Best Album Ever: Neil Young's American Stars 'n Bars
When we were good and drunk, we would put Neil Young's American Stars 'n Bars on the record player.
It was the fall of 2011 and I was living with two of my best friends in a dilapidated cottage with a huge ranch-style yard in the middle of Los Angeles. Most of the place was outside-- the doors of my bedroom opened out to a big gravel-covered yard full of overgrown trees and beer cans shot to pieces by our pellet gun. The landlady was an elderly German woman who used to be an avant-garde filmmaker in Berlin. All she did to keep up the place was to retain the "services" of a wet-eyed, weather-faced old man with a long gray beard, whose idea of maintenance was to aimlessly wander around our orange-less orange tree.
The only reason my friends (let's call them Jack and Nick) and I could afford the place, which we affectionately deemed "The Ranch," was that it hung directly over the 101 freeway and there was always a steady drone of cars going by. We would sit and get piss drunk on whatever was cheap and pretend the sound was a river. After a couple months of living at The Ranch there was a nearly equal mix of broken beer-bottle glass and gravel in our yard.
Often, the melancholy waltz of American Stars 'n Bars would soundtrack our drinking sessions. Stars is Young's eighth studio album, which came out in 1977 on the heels of Zuma and the Ditch Trilogy. Upon its release Rolling Stone declared, "Right now ... it would be just about impossible to overrate Neil Young." The storied guitar work on "Like A Hurricane" is balanced by the earnest yearning of "Hey Babe."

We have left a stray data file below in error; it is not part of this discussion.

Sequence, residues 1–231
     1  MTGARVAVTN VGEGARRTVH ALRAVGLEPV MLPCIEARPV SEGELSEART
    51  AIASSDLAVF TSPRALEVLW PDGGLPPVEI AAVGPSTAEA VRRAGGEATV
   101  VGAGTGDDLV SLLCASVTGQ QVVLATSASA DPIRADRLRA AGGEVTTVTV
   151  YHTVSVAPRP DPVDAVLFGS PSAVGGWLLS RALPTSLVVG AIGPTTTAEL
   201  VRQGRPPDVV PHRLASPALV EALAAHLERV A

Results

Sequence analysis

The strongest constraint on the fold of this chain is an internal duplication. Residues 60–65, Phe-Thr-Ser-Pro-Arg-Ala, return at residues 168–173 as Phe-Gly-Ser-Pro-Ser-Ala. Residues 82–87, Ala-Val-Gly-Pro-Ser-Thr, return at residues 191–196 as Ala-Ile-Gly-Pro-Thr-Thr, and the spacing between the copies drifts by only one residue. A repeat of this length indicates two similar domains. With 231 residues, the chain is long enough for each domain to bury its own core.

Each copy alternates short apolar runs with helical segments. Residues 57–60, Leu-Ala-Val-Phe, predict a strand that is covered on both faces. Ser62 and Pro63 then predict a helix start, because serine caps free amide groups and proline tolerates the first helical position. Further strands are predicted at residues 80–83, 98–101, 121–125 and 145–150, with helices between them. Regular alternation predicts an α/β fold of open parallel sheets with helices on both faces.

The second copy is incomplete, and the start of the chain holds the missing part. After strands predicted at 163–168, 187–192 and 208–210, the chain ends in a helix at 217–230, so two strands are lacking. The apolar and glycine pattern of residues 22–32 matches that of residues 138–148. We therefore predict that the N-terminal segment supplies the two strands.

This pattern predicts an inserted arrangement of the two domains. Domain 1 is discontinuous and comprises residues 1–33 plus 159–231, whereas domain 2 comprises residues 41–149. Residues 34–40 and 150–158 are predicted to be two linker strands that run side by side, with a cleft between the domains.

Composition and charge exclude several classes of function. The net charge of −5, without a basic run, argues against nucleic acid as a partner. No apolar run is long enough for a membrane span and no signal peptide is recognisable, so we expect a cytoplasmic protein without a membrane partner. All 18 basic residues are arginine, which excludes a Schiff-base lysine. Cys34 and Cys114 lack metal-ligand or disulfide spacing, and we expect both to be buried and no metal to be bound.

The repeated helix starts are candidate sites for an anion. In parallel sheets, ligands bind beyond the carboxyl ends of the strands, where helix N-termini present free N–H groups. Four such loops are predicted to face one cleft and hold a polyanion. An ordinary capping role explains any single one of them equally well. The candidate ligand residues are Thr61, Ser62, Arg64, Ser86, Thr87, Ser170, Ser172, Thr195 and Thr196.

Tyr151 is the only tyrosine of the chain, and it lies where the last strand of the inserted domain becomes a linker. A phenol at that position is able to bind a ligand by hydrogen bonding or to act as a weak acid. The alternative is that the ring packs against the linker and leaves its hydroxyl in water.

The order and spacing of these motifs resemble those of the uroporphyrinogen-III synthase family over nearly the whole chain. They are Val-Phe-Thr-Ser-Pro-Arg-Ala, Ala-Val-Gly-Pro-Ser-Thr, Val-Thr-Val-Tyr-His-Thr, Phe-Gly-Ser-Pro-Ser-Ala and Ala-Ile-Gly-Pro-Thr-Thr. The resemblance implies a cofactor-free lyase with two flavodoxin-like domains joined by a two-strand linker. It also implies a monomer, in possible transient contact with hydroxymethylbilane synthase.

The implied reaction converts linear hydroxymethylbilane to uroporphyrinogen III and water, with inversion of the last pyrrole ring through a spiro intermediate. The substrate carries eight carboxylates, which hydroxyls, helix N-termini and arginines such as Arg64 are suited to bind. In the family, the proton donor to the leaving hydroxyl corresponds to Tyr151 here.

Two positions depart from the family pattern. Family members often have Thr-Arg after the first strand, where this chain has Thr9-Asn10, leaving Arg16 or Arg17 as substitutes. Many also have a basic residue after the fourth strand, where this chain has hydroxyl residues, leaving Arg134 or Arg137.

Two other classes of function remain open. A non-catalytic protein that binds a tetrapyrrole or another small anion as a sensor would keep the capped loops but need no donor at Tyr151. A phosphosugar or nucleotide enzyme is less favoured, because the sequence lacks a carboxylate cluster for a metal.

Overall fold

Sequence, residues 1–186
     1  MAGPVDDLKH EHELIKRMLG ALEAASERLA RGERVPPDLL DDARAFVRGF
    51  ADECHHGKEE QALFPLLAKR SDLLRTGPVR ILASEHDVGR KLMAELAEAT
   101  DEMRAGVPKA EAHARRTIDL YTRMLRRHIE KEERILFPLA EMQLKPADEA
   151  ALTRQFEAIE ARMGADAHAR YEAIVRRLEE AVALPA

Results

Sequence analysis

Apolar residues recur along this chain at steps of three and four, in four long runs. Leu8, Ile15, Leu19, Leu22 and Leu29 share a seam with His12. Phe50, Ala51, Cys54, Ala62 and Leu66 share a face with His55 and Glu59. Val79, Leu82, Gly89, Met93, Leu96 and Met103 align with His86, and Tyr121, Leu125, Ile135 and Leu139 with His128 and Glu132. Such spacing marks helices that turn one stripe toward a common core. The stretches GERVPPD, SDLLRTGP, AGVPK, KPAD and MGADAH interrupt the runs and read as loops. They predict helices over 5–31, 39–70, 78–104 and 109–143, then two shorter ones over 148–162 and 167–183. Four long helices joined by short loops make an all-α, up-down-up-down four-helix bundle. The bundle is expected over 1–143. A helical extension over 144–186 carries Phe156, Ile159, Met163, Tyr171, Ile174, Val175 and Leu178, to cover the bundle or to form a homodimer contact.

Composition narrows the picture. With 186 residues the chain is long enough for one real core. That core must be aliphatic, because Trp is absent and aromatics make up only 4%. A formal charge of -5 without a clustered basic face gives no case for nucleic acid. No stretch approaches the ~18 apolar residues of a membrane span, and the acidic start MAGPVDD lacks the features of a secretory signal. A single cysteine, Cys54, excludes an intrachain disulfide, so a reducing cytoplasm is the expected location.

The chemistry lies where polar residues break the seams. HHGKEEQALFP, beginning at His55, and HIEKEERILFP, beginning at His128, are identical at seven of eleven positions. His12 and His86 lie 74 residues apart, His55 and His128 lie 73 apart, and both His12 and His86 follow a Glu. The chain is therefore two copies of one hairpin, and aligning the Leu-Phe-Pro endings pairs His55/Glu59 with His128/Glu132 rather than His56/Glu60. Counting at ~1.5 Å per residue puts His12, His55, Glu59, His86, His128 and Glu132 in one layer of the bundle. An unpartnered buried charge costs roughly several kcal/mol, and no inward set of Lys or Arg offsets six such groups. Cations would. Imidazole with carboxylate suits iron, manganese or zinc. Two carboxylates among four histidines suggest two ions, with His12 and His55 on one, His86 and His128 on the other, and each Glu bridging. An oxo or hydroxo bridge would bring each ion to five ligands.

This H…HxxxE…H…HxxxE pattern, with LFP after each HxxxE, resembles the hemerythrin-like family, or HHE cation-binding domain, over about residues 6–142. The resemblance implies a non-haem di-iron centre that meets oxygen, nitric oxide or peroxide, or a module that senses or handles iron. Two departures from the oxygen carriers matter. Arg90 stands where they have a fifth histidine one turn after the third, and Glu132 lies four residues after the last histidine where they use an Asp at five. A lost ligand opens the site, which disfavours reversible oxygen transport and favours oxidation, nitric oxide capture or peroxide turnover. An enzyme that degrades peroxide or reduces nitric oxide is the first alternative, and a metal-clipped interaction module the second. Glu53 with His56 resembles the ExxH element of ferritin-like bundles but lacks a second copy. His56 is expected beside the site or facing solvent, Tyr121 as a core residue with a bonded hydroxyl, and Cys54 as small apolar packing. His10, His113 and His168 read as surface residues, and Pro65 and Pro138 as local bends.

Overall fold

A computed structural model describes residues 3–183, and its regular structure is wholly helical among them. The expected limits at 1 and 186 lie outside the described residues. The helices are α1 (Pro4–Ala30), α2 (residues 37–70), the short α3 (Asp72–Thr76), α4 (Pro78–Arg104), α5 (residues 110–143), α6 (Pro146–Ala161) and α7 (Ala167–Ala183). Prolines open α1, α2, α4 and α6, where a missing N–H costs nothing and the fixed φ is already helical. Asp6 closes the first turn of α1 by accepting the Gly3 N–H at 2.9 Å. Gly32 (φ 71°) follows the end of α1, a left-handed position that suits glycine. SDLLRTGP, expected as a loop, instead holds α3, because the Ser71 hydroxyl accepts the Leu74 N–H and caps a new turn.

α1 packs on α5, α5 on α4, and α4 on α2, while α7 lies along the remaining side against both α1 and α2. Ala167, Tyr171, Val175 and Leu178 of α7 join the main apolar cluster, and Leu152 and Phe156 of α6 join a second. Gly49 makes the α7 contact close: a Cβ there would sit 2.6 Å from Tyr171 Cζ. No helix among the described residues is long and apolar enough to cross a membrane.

The album's cover art is last call imagined with glass floor: an up-skirt shot of a woman holding a handle of Canadian Whiskey above an obliterated Young. His eyes are barely open, capturing those brutal last moments of consciousness before passing out. It was like looking into an aquarium displaying the state I was in.
It's a lovelorn album--on the album's opener "Old Country Waltz" you enter a kingdom of booze soaked self-pity. Each of the three of us living at The Ranch was lovelorn in his own way. Nick had recently split with a beautiful drummer who immediately moved on to dating a woman. Her new girlfriend had a terrific haircut. Jack had been in that endlessly frustrating up in the air period with a girl for months. As Young remarks on "Saddle Up the Palomino": It's a cold bowl of chili when love lets you down.